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Lot 0125 Details

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Gold piece given to or crafted for Howell Cobb to celebrate the laying of the transatlantic cable in 1858 (while Cobb was Secretary of the Treasury). According to descendants of the Cobb family, this piece was then presented to Howell Cobb Jr. right before the outbreak of the Civil War. Engraved on the obverse is likely the USS Niagara, the steamer that helped lay the cable. The reverse bears a piece of material used for the cable itself. Atop the two-panels are emblems of the the Union shield and Union Jack. Howell Cobb Jr.'s name is inscribed on the rim. Beautiful and unique item commemorating an important achievement in American history.
Carte-de-visite (CDV) of Howell Cobb Jr. in Confederate uniform. Signed on front in ink by Cobb Jr., verso bears the inscription “For mother” in the same hand and photographer’s imprint “A.J Riddle, Chief Photographer, Division of the West. Macon, Ga. Wood’s Old Stand.”
Carte-de-visite (CDV) of Howell Cobb Jr., verso bears modern I.D. inscription and photographer’s imprint “From C.W Motes’ Photographic Gallery, Broad Street, Athens GA.”

The son of prominent politician Howell Cobb and Mary Ann Lamar Cobb, Howell Cobb, Jr., was born July 7, 1842. He attended Alexander Scudder’s school before entering the University of Georgia in 1859, but proved an undisciplined and uninterested scholar. The outbreak of the Civil War provided Howell, Jr. with a more honorable path to escape the University than the expulsion he likely faced. He enlisted in the Troup Artillery, a volunteer unit, and soon departed for the Virginia front. He transferred to the staff of his father’s regiment, the 16th Georgia Infantry, in 1861. He continued his service until his father surrendered his command in Macon on April 20, 1865. Bitter in the face of defeat and still grieving the loss of his uncles, Thomas R. R. Cobb and John B. Lamar, Howell, Jr. confided to his fiancée "the Revolution is undoubtedly at an end ... I can never affiliate with the murderers of my uncles."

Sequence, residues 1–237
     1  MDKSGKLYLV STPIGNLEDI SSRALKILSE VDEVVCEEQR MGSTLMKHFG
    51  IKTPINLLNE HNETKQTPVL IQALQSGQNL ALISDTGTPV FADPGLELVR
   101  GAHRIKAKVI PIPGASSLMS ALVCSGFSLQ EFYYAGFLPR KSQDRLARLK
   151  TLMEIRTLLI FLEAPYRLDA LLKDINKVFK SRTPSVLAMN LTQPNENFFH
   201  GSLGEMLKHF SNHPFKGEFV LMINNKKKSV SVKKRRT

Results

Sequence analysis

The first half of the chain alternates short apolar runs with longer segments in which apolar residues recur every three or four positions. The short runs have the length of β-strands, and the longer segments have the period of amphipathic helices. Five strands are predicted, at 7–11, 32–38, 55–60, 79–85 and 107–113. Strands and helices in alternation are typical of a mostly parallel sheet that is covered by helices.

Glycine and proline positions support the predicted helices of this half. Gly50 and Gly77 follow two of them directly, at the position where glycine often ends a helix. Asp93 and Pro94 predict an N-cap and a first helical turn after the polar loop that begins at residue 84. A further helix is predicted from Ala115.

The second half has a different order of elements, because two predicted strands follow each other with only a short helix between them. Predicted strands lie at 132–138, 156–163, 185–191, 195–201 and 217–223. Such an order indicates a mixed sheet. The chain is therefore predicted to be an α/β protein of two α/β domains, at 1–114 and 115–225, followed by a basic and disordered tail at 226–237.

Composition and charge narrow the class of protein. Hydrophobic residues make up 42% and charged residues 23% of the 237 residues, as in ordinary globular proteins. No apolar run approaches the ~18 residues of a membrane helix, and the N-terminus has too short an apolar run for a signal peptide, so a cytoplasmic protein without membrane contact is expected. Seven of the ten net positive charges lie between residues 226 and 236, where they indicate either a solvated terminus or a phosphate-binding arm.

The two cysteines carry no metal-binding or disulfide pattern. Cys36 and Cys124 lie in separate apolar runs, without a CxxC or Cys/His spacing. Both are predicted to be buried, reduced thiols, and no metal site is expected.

Cobb proved an unreconstructed Confederate. He pushed up his wedding date to Mary McKinley, the daughter of prominent Milledgeville attorney William McKinley, to receive a marriage license before the military governments required citizens of conquered areas to take the oath of allegiance. They married on May 22, 1865 at the bride’s home in Milledgeville. Cobb wore his Confederate uniform. They remained in the city for several years while Cobb worked in his father-in-law’s law firm. Cobb ultimately established a law firm in Athens with his brother, Lamar, and brother-in-law, Alexander Erwin. He was appointed judge of the city court of Athens in 1879 and held the position for the remainder of his life. Despite his early aversion to academia, he joined the law school faculty at the University of Georgia in 1890, resigning in 1907 because of ill health. He also served on the Athens city council and at one time as the city attorney. He joined the Athens Presbyterian Church as an adult and ultimately served the congregation as an elder for twenty-five years. He participated in the Agricultural Society of Clarke County and the Athens Bible Society. Cobb died on August 19, 1909, survived by his wife and six of his ten children. Unredeemed to the end, per his request, he was buried in his Confederate uniform.

- Oconee Hill Cemetery Association
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Civil War Confederate Gold Piece & CDV Group

Estimate $1,000 - $2,000May 17, 2020
Starting Price $100
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